So often we hear UKIP described as a right-wing party, and yet there are many of us in the party who are avowedly left-wing. So how does that work?
Well, for starters, the labels left-wing and right-wing have lost much of their relevance to modern politics. A lot of confusion tends to creep in when the terms are flung around – usually as terms of abuse – to describe positions that in reality have little to do with the traditional concepts of left and right.
One of the biggest confusions comes from the real fight that faces people today: liberty v’s control. Many people see anything authoritarian or state controlled as ‘lefty’, and this can lead to some people describing Cameron as a Socialist! Let me assure you that no one on the left recognises this description. Equally, many on the left consider today’s Labour party a right-wing party that has abandoned any pretence toward socialism.
When today’s parties can be seen in such widely divergent ways, it is clear why confusion over the left / right terms can become endemic. The truth is, both parties are very authoritarian – they seek to control and manipulate the people, usually in order to conform to the overall direction of travel dictated by that most authoritarian of bodies – the European Union.
And here we have another dichotomy. The EU is described my many of its opponents as a ‘socialist experiment’ or as EUSSR. Yet many of us who utterly oppose it see it as a right-wing Capitalist monster that seeks to deny people of the liberties and freedoms they have fought for over centuries. Remember, it was the left that originally opposed the EEC, and both Tony Benn and Michael Foot wrote extensive and damning critiques of the EEC/EU.
So opposition to the EU is not a left/right issue – despite the confusions that its opponents frequently create in their opposition. It is however a freedom / authoritarian issue – and one that unites freedom loving people from across the political spectrum. How on earth, then, does that make UKIP ‘right-wing’?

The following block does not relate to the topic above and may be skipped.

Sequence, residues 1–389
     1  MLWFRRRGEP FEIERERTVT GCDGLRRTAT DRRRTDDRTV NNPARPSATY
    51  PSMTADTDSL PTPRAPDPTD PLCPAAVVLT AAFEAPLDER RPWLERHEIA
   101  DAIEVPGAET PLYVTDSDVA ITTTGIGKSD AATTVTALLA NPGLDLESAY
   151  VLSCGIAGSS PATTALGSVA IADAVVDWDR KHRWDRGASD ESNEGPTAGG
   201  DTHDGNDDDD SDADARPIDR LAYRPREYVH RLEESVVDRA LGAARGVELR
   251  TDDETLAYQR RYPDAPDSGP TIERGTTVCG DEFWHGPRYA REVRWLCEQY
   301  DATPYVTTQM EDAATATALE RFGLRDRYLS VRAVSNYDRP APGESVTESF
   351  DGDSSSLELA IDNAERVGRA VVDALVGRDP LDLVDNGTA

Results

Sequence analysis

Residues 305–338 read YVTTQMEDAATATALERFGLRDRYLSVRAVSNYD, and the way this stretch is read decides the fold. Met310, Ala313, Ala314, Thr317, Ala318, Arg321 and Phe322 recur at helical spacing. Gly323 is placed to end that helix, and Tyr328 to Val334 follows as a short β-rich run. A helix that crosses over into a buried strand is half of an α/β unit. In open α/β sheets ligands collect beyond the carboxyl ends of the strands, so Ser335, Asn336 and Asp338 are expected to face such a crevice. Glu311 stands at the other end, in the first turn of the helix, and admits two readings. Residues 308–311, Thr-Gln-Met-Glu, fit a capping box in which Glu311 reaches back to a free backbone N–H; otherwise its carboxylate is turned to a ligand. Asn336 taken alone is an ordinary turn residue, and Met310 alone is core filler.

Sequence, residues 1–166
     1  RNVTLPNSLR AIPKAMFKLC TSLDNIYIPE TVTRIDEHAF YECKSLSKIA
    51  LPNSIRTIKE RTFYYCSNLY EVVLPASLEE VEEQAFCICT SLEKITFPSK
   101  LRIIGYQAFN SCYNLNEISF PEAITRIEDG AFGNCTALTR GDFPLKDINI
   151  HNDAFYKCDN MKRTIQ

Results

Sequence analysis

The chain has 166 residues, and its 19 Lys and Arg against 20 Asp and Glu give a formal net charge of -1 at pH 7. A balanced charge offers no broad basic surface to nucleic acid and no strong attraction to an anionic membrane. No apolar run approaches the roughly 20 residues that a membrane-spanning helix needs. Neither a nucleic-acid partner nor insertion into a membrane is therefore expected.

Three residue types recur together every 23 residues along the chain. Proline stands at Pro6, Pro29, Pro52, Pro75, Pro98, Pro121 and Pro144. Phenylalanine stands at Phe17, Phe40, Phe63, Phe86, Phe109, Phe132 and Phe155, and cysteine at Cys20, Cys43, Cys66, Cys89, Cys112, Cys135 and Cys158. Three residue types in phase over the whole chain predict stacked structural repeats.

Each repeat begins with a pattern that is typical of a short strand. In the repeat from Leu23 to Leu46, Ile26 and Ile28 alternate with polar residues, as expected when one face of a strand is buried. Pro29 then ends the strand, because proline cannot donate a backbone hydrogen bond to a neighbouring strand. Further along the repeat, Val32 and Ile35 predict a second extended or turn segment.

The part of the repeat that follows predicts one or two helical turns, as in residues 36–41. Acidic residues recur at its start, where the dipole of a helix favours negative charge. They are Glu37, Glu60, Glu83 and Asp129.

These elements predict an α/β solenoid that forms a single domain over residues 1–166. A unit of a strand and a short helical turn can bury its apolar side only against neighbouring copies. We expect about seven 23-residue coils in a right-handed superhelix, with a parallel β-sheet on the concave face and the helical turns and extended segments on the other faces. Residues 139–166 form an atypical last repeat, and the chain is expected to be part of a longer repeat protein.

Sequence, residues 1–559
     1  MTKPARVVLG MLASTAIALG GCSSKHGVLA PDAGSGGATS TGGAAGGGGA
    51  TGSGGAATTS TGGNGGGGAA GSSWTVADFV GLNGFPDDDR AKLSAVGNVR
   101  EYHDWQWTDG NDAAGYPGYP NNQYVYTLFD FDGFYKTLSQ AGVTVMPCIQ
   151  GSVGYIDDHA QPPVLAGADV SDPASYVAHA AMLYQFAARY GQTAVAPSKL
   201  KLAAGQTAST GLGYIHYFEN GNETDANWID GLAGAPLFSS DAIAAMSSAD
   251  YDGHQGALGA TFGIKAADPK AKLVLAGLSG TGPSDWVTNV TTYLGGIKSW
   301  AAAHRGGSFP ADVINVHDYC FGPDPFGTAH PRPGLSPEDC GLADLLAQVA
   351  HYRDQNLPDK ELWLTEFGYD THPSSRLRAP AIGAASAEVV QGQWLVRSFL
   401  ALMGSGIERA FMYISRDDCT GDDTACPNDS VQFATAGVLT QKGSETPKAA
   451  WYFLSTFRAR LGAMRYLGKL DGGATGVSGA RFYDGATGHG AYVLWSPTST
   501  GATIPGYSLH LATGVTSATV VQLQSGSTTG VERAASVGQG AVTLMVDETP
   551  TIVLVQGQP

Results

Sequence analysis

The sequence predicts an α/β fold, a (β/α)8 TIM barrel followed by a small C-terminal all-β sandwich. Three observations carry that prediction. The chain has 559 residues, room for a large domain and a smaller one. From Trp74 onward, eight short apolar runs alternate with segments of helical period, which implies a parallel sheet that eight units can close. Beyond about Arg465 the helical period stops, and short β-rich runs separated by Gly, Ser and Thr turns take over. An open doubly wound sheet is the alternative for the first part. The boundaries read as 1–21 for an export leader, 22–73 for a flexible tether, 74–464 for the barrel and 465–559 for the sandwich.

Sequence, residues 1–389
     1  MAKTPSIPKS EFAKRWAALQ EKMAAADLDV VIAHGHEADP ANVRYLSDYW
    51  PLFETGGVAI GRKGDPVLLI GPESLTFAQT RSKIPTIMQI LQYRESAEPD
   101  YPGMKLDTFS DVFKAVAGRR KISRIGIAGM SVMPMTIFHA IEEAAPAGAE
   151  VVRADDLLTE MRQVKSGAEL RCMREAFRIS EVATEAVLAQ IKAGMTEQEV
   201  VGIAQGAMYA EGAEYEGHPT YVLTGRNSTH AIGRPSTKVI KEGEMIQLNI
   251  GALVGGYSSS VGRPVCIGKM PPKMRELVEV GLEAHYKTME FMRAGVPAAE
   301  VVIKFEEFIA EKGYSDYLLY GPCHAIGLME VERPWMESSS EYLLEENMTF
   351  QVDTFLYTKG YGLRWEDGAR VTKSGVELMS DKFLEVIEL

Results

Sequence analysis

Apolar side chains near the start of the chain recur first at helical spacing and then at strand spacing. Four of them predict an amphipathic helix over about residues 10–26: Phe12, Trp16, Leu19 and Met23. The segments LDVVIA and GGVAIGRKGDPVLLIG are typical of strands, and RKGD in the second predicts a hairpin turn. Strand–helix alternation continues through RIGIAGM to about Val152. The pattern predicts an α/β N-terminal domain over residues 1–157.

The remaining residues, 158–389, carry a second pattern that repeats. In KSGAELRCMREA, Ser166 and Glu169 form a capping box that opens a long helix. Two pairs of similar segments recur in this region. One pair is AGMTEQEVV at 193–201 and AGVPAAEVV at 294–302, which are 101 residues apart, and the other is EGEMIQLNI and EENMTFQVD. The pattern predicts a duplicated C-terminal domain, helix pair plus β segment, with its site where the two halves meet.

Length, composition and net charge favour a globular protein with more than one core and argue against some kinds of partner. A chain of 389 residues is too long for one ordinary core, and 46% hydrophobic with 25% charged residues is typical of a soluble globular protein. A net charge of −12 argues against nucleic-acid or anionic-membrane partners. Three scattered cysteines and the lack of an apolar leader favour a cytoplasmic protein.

UKIP is in fact the very opposite of Fascism. It supports and promotes democracy, transparency, and individual liberty – all the things Fascism destroyed. But what else can a lefty find in UKIP to embrace?
Well, before Marx came along with his turgid instruction manual, and began the Marxist tradition of condemning anyone who opposed him as traitors, collaborators, or simply incapable of understanding the real issues (no, some things never change), English Socialism was about the people having the freedom to live their lives without the ever-present control and restrictions of the rich and powerful interfering in their lives and denying them their liberty.
It called for the nation’s wealth to be shared amongst all the people, and not used to keep an elite in an ever-existent position of control. The role of the state was eventually intended to protect people from exploitation. That change never happened. The state gave enough illusory powers to the people to remove them from complete bondage, but at the expense of becoming dependent on that state for that ongoing protection. It simply swapped one form of control for another.
That was never what the original Socialists were fighting for. They were fighting for the freedom for people to live free of control. The freedom of the worker to negotiate a fair wage and the tenant to negotiate a fair rent. And for the people to develop their own means to do this unhindered by the establishment.
It was about empowering people – to give them a say in what happened in their communities and in the things that affected them. To make sure the voices of people were no longer unheard and unheeded.
And that to me is exactly what UKIP is about today. It is the only party wanting to give people a role in determining their futures and that of their communities. It is the only party that can truly shout that traditional left-wing slogan ‘Power to the People’.
Mike Baldock is a UKIP County Councillor in Kent. He left the Labour party in 2009 after they signed the Surrender of Lisbon. He tweets at @UKIPSwale